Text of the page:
Option 3 -Process Video

Participants find it’s very helpful to understand the process, the video makes it easier to understand

Option 4 - Sample dashboard

Participants like that they can know what lenders are on our platform but the information is too generic

Option 5 - Estimator

Participants all feel this is really helpful to get an estimated range before jumping into creating accounts they indicated that if the rates are good they are more likely to sign up.

Iterations on rate estimator

After the internal testing, I decided to move forward with the video walkthrough concept and the rate estimator concept. It’s time to push the details. I did several iterations to make sure users can understand how to use it.

Iteration 1

(Option 5 from the previous step)

Iteration 2

Design with real content and data

Iteration 3

Rate chart add too much cognitive load

Iteration 4

1. Credit score section took too much space. 2. Too much number to process

Iteration 5

Use red on poor credit score bad may give user negative feeling

Iteration 6

Users indicated they don’t know the slider is interactive

Design variations
Variation 1: Video to illustrate the process

This variation features a quick walkthrough video of our process up to a dashboard. The hypothesis was that showing users our simple process would help users know what to expect, and therefore make the process feel known and simple.

Variation 2: Rate estimator

This variation aims to see if showing potential rates would, in fact, increase sign-ups and overall conversion. This variation features an interactive slider where users can estimate their credit score (by 10 point increments), and we will display the lowest possible rate across lenders.

Video variation won the test
Video variation

Video variation has a slightly 1.8% decrease on account creating compared to baseline, but it has a 2.1% lift on form conversion and 6.6% lift on close loan

Rate estimator variation

Rate estimator variation has 12.3% decrease on account creating compared to baseline and 3.6% decrease on close loan.

Transparency helps to build trust

-From the winning variation, we learned that providing users context about the process and what to expect appears to help build trust with users and contribute to higher overall conversion after a user has been prequalified.

Even though rates estimator concept performs worse than the video we still want to understand why users are leaving. So I put up an exit survey asking users why they are leaving this page. It turns out that the primary reason is that the rates are too high for them. Even though this variation didn’t perform very well, we still think this is an interesting concept that we could evolve and use in other scenarios in the future.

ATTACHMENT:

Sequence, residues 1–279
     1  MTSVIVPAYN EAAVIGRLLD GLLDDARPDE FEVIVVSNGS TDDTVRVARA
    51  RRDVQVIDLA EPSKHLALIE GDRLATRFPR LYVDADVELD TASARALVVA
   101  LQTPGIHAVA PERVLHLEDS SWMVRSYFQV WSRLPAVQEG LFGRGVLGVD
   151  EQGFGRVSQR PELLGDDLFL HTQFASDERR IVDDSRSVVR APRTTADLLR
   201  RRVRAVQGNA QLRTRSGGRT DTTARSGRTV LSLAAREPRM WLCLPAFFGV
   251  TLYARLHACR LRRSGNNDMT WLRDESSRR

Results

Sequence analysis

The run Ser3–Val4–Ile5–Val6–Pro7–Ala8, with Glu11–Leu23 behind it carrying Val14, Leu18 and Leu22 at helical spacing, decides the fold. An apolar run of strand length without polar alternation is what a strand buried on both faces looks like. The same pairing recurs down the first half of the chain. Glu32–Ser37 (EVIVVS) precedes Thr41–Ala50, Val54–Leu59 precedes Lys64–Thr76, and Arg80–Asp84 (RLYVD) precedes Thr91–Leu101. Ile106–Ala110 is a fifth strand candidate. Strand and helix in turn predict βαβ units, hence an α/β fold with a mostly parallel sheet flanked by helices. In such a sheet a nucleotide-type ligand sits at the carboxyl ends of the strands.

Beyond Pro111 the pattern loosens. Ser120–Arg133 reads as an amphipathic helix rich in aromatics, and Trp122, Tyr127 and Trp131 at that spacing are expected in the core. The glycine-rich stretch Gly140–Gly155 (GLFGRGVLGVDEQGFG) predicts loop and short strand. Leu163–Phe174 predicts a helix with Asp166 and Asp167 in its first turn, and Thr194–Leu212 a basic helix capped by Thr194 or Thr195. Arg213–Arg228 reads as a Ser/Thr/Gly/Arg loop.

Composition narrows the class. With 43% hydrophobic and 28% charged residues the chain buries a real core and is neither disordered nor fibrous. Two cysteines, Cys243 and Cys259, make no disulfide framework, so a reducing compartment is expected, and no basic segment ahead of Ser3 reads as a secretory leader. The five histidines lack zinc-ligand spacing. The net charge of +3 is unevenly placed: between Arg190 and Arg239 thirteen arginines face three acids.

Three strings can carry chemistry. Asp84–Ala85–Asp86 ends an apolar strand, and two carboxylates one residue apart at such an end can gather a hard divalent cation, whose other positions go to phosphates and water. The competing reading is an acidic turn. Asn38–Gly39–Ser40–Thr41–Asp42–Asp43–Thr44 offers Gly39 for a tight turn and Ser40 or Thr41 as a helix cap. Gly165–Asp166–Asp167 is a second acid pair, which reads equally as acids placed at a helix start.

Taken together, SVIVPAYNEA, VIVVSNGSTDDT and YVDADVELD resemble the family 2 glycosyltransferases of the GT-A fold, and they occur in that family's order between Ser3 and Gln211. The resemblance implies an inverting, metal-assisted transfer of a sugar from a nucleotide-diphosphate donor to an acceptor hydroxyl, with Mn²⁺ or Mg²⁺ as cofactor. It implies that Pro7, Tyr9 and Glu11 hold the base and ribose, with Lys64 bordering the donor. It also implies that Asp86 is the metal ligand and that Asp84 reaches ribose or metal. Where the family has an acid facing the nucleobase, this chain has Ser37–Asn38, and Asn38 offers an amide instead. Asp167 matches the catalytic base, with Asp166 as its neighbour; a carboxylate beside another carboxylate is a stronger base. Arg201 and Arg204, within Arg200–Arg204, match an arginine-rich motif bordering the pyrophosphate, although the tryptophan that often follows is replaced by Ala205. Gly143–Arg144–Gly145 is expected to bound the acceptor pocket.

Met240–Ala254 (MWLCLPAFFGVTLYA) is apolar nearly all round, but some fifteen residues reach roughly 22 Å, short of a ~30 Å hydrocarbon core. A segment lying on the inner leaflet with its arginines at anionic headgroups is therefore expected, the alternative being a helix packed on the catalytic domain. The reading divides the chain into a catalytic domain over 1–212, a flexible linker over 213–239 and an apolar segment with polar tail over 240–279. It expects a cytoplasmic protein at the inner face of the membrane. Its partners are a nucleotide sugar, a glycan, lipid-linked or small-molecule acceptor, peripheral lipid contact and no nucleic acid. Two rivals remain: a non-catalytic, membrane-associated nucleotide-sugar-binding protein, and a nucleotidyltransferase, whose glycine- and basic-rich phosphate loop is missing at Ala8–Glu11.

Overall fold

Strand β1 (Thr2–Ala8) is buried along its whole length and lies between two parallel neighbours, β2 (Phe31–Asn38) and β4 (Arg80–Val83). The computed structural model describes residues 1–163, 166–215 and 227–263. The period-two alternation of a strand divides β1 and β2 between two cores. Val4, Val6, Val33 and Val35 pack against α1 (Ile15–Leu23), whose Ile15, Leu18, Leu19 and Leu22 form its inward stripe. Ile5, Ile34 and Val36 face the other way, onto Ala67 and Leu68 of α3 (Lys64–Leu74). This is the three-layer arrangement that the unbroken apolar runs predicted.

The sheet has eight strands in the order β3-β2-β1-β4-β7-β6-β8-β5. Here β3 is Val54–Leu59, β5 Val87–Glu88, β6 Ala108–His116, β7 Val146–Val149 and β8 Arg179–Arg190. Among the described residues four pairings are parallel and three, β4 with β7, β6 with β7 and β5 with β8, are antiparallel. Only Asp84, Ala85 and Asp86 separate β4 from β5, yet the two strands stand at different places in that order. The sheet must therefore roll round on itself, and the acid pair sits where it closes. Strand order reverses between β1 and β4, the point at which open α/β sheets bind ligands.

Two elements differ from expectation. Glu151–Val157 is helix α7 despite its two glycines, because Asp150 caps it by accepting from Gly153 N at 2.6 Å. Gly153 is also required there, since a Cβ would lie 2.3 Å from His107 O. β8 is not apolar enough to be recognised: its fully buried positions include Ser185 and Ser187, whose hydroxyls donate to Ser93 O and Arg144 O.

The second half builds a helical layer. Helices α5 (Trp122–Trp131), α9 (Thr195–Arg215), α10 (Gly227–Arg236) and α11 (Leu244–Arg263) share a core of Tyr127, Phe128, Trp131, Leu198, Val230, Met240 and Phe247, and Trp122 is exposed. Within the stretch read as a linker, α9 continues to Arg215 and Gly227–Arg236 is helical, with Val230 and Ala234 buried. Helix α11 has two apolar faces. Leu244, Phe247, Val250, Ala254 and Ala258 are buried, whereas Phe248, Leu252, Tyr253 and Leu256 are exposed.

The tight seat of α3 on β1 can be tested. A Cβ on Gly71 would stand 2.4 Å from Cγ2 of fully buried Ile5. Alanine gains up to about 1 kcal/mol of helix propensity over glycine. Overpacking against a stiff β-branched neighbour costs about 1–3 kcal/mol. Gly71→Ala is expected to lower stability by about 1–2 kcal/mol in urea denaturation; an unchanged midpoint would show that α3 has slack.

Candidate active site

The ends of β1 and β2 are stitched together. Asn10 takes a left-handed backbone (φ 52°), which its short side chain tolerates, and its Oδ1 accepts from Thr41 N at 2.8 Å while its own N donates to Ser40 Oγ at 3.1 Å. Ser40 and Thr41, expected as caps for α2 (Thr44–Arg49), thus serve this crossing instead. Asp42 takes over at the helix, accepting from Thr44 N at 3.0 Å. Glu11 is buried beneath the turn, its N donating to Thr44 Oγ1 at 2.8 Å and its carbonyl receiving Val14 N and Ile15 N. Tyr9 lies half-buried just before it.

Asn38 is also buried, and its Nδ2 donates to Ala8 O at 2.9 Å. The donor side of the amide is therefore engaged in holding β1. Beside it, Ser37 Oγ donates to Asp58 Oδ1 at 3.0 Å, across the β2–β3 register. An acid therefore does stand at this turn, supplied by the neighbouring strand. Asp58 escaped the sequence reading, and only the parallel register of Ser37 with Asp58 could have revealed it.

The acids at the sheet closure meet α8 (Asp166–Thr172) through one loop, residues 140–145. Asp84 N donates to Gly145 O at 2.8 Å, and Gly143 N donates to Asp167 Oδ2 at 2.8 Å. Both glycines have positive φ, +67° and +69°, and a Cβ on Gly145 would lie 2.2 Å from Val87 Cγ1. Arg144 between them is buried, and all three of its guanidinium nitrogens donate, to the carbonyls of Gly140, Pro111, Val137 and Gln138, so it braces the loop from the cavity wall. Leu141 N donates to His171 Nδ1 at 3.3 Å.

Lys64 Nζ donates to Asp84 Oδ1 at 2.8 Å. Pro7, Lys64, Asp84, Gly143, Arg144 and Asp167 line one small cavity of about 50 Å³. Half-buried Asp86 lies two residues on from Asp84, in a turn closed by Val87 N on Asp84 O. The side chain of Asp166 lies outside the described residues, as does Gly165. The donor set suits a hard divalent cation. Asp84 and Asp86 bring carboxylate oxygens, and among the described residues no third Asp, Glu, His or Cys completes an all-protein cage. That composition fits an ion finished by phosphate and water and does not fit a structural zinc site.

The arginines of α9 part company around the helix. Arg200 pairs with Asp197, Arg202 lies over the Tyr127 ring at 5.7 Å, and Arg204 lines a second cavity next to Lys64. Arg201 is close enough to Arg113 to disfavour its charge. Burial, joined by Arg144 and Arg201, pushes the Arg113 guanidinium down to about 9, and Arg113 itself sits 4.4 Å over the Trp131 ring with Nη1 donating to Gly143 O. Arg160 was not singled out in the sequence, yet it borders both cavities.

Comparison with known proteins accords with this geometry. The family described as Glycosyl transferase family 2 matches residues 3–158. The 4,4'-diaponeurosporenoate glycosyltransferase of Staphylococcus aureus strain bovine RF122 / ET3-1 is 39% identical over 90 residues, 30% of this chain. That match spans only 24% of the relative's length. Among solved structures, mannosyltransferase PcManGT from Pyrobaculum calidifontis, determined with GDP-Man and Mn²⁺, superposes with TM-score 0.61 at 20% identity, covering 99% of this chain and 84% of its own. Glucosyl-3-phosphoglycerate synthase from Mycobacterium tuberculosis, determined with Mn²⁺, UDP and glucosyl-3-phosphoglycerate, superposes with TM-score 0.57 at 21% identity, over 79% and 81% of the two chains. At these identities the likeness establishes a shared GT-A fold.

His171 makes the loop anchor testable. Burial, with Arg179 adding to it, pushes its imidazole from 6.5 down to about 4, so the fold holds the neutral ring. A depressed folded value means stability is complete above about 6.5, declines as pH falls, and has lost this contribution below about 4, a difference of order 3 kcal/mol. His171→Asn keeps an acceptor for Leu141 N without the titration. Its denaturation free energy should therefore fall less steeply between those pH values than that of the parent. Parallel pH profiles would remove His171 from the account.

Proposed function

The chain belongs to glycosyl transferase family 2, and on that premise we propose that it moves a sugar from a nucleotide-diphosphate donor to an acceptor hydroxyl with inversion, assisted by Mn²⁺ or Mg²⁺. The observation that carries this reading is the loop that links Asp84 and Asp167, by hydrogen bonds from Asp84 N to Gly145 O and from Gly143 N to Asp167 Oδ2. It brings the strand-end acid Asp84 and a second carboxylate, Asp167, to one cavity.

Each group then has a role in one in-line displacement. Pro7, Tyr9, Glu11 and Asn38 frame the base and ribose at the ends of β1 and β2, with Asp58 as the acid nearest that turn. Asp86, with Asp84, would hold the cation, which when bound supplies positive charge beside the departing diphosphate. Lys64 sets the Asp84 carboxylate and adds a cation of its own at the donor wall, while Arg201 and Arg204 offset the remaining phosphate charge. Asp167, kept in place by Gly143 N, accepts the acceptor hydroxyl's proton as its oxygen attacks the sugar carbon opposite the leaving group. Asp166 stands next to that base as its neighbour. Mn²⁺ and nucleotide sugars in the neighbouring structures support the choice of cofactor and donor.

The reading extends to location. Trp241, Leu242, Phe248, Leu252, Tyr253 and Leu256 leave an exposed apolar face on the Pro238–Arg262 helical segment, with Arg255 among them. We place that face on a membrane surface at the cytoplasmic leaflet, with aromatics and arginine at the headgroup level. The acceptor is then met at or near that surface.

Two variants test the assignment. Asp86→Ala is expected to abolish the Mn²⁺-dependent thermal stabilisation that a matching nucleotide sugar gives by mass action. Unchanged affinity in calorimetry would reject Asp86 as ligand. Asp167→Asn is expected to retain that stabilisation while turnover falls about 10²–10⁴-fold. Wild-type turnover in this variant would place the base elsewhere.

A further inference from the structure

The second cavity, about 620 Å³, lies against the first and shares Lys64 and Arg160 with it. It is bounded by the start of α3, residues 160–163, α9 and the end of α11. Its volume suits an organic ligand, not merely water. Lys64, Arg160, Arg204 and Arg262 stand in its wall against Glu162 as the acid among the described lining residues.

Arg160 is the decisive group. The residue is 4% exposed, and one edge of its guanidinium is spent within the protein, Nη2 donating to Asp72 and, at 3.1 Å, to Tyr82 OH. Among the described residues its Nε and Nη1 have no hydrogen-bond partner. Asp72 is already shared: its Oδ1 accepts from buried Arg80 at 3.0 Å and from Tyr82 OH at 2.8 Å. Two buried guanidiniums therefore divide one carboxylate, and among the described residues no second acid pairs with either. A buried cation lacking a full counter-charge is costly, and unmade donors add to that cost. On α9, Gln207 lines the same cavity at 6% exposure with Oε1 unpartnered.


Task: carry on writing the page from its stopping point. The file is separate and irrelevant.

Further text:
Round 3

Opportunities on Mobile

Mobile traffic ramped up

Loan application is complex and we don't expect users finish the process on their phone. However, in 2017 Credible’s mobile traffic start to ramp up and exceed desktop traffic but the form conversion rate on mobile is pretty low. So it’s time to put more investment on mobile and improve the experience on mobile.

In order to understand the pain points and frictions on mobile, I did a usability test on the old mobile form. Here are the key insights
-Limited information in viewport causes a lot of scrolling back and forth
-Users’ initial impression is the form is really long and would take them a while to finish
-Users had difficulties answering some questions (e.g. income), they need to click tooltips and use the help content. But tooltips on mobile generally doesn't have a good ux

More efficient way to fill the form on mobile

Based on the research finding, the team came up with four design principles. I explored 3 options: the chat UI, one question per step and linking to other social network to pre-fill information. In order to pick the which option we are going to implement, we listed out how each concept would solve the problem and how difficult it is to implement and decide to move forward with one question per page option first.

Reduce scroll back and forth

Make the form shorter or make the form feel shorter

Add more humanize factor to the form

Surface the help content to streamline the process

Iterations on one question per page
Variation 1: Video to illustrate the process

This variation features a quick walkthrough video of our process up to a dashboard. The hypothesis was that showing users our simple process would help users know what to expect, and therefore make the process feel known and simple.

Iteration 2: Turn dropdown to multiple selections

I tested the prototype above, it successfully reduced the back and forth scrolling. But I still found that all the drop-down fields still requires multiple taps. In order to simplify this part, I changed the drop-down fields to multiple selection fields.

The challenge here is that if the selection has more than five options, what should we do? The product manager helped me analysis the option selection data. We found out that the first four selected options cover 93.17% of our users. So the solution is to surface the top four selected options and hide other options in “Other”.

Iteration 3: Add delight to the product

The last iteration is to add more delight to the design and make the look and feel more friendly for our users. So I added icons on every page and animations on some key pages.

Design variations

We tested the final one question per page design with old design (baseline). Below is the two design’s overall flow.

One question per page won the test

Variation 1 has an 18.5% lift on form conversation compared to baseline and an 8.8% lift on closing loan. We decided to call one question per page as the winner and allocate 100% traffic.

The analysis validated our hypothesis that asking one question at one time streamline the process.

By surfacing the help content and why we are asking these questions, users have less difficulty answering questions. We see a decreased drop off rate on some “hard” questions.

In the future, we are planning to test the new design also on the desktop